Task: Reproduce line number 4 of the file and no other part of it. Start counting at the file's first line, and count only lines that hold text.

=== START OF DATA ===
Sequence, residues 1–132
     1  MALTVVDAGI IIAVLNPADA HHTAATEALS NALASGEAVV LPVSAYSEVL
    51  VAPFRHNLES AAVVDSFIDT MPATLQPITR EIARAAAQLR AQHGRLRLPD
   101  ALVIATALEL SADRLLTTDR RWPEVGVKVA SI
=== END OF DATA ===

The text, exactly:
   101  ALVIATALEL SADRLLTTDR RWPEVGVKVA SI